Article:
One strip – one test for the detection of the genus Mycobacterium and 16 mycobacterial species.

INNO-LiPA MYCOBACTERIA v2 is a line probe assay for the simultaneous detection and identification of the genus Mycobacterium and 16 different mycobacterial species.

The test is based on the nucleotide differences in the 16S-23S rRNA spacer region and can be performed starting from either liquid or solid culture.

The following Mycobacterium species can be detected simultaneously: M. tuberculosis complex, M. kansasii, M. xenopi, M. gordonae, M. genavense, M. simiae, M. marinum and M. ulcerans, M. celatum, MAIS, M. avium, M. intracellulare, M. scrofulaceum, M. malmoense, M. haemophilum, M. chelonae complex, M. fortuitum complex, and M. smegmatis.

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    Product number 80346

    20 Tests
    INNO-LiPA® MYCOBACTERIA v2 Amplification

    Product number 80347

    20 Tests (for cultures)
    Please contact your local Fujirebio representative for the availability of this product in your country.

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      Features & Benefits

      • One strip replaces multiple testing
      • The 16S - 23S rRNA spacer region brings the precision of molecular testing to species differentiation
      • Mixed populations easily identified
      • Discriminates subgroups within M. kansasii and M. chelonae
      • Easy to perform
      • Quick visual interpretation
      • Applicable on early liquid culture - no need for colony morphology
      • Quick screening of major species
      • Fully automated processing of the strips possible using TENDIGO® and Auto-LiPA™ 48



      Although more than 70 Mycobacterium species are currently described, relatively few are strictly pathogenic for men or animals. Most are harmless saprophytic bacteria; some are occasionally pathogenic (1-3).

      M. tuberculosis complex strains are still responsible for the majority of Mycobacterium infections worldwide. However, opportunistic infections due to non-tuberculous mycobacteria (NTM) [also called mycobacteria other than tuberculosis (MOTT) or atypical mycobacteria] are on the increase, as a consequence of the AIDS pandemic (3-5).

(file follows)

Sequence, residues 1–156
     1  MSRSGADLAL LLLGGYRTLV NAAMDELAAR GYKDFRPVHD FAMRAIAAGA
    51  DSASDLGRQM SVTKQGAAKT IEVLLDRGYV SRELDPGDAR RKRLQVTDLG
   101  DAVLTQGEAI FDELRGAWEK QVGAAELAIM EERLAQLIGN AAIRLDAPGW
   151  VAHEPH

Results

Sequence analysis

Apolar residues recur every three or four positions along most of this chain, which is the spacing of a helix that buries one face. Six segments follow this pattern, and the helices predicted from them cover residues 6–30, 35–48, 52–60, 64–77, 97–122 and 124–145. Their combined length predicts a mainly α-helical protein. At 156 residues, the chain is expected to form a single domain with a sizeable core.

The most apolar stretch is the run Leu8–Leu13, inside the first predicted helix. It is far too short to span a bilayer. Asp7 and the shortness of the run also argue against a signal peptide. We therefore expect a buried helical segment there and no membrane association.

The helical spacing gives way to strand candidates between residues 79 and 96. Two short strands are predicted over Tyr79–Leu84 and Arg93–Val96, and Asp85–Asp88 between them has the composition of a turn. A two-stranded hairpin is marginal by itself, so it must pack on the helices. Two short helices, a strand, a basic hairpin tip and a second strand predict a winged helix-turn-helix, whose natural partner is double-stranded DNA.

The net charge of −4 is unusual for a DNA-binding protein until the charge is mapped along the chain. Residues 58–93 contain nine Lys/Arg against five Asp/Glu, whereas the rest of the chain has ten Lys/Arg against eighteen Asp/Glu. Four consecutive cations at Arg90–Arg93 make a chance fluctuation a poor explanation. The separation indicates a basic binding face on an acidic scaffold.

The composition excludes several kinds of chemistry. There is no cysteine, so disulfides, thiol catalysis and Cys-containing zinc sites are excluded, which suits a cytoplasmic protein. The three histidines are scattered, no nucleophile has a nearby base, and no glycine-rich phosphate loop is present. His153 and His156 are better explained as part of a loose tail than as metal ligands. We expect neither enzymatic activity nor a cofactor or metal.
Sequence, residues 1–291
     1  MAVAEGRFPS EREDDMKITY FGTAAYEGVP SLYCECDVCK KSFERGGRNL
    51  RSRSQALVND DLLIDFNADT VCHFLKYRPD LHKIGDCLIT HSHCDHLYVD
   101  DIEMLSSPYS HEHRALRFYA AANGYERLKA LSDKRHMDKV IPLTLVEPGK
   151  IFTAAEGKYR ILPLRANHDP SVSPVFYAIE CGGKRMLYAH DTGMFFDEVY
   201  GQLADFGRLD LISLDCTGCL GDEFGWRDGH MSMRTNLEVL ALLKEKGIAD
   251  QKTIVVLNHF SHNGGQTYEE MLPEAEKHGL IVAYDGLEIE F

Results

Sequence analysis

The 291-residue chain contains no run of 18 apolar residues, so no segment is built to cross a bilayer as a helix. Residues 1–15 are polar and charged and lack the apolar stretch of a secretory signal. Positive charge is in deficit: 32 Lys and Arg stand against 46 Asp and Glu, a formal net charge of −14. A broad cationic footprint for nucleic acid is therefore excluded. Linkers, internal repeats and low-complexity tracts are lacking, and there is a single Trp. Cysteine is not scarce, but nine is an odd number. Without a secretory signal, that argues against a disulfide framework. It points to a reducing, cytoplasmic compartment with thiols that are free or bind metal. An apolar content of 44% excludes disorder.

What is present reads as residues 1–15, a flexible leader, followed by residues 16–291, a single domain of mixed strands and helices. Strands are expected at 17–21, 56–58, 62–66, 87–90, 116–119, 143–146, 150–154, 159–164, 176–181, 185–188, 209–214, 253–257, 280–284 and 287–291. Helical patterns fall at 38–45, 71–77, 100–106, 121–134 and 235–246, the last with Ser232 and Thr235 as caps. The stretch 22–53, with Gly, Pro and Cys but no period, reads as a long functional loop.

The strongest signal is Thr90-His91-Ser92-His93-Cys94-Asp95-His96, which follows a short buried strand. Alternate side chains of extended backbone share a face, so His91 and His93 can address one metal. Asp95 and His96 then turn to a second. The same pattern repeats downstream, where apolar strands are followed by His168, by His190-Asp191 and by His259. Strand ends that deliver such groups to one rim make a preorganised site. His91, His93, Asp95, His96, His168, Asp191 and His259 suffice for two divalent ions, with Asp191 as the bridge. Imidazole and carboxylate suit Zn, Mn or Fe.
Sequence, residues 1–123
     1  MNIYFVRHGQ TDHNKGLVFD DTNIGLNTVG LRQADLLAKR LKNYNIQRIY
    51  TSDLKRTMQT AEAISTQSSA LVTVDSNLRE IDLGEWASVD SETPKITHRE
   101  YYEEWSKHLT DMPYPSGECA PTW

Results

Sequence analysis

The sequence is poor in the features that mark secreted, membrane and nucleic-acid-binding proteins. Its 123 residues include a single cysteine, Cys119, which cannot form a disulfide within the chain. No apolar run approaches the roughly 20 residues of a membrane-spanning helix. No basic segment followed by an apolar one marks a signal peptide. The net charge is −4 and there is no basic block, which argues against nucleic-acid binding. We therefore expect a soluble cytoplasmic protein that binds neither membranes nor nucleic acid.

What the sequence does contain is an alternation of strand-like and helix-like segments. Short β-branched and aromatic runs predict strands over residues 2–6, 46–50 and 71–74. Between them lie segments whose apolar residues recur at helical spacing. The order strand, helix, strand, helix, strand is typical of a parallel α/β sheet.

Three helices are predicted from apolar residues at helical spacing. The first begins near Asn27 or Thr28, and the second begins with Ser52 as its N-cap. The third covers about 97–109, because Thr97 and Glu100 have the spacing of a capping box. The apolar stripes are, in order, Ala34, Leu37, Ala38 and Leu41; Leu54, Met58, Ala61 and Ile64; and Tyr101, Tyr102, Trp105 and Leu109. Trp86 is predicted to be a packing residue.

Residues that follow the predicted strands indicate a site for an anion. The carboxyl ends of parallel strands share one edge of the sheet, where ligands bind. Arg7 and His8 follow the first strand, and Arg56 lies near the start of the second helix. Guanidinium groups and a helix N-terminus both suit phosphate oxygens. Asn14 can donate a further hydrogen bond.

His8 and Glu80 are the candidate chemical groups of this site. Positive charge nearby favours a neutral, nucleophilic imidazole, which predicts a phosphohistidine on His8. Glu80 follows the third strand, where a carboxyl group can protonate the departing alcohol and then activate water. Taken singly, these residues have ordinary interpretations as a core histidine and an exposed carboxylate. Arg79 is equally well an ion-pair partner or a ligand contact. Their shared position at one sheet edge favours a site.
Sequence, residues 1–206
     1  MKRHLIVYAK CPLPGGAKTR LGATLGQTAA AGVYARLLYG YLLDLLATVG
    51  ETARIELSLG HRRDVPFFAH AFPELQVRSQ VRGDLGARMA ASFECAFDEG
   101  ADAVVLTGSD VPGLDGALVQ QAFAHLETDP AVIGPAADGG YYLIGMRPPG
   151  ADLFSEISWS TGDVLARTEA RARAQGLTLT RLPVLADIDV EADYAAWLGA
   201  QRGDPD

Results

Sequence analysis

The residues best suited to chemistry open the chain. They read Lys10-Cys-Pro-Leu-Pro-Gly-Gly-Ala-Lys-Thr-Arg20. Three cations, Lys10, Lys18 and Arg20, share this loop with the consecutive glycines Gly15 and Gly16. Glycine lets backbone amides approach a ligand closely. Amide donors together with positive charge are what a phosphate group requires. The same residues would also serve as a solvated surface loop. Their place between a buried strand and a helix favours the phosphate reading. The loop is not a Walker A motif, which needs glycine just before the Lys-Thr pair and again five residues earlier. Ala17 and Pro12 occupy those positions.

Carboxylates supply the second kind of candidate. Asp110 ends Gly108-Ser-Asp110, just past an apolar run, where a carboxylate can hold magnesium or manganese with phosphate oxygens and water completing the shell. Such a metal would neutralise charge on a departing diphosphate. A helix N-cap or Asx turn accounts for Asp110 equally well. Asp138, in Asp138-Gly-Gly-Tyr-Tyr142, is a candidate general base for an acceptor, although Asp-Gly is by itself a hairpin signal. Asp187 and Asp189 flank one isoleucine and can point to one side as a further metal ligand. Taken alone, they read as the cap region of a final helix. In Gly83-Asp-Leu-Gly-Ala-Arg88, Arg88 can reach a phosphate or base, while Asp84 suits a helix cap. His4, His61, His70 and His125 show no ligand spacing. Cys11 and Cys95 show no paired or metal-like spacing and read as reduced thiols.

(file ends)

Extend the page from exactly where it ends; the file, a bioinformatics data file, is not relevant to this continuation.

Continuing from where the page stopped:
Among the Mycobacterium species often implicated in NTM infections, M. avium complex (MAC), M. avium, M. intracellulare, M. chelonae, M. kansasii and M. xenopi figure prominently (1, 4, 6).

      M. gordonae does not usually cause human infections, but it is often encountered as a contaminant in clinical samples. Discrimination of M. gordonae from pathogenic species is a relevant diagnostic issue (7).

      In general, the epidemiology of NTM infections is poorly understood (8). In clinical mycobacteriology laboratories identification of mycobacterial cultures is predominantly achieved by biochemical methods. Recently developed molecular methods, such as DNA probe tests, may simplify identification and may eventually lead to a better understanding of this complex group of organisms and their relevance in human disease (9-11).


      1. Nolte FS, Metchock B. Mycobacterium. In: Murray PR, Baron EJ, Pfaller MA, et al., editors. Manual of Clinical Microbiology. 6th ed. Washington DC: ASM Press;1995. p. 400-437.

      2. Pitchenik AE, Fertel D. Tuberculosis and nontuberculosis mycobacterial disease. Med Clin North Am 1992;76:121-171.

      3. Portaels F. Epidemiology of mycobacterial diseases. Clin Dermatol 1995;1:207-222.

      4. Falkinham III JO. Epidemiology of infection by nontuberculosis mycobacteria. Clin Microbiol Rev 1996;9:177-215.

      5. Pozniak AL, Uttley AHC Kent RJ. Mycobacterium avium complex in AIDS: who, when, where, why and how? Soc Appl Bacteriol Symp Ser 1996;25:40S-46S.

      6. Benson CA, Ellner JJ. Mycobacterium avium complex infection and AIDS: advances in theory and practice. Clin Infect Dis 1993;17:7-20.

      7. Wayne LG, Good RC, Böttger EC, et al. Semantide- and chemotaxonomy-based analyses of some problematic phenotypic clusters of slowly growing mycobacteria, a cooperative study of International Working Group on Mycobacterial Taxonomy. Int J Syst Bacteriol 1996;41:280-297.

      8. Doern GV. Diagnostic mycobacteriology: where are we today? J Clin Microbiol 1996;34:1873-1876.

      9. Rogall T, Wolters J, Flohr T, Böttger EC. Towards a phylogeny and definition of species at the molecular level within the genus Mycobacterium. Int J Syst Bacteriol 1990;40:323-330.

      10. Miller N, Infante S, Clearly T. Evaluation of the LiPA MYCOBACTERIA assay for identification of Mycobacterial species from BACTEC 12B bottles. J Clin Microbiol 2000;38:1915-1919.

      11. Tortoli E, Nanetti A, Piersimoni C, Cichero P, Farina C, Mucignat G, et al. Performance assessment of new multiplex probe assay for identification of Mycobacteria. J Clin Microbiol 2001;39:1079-1084.

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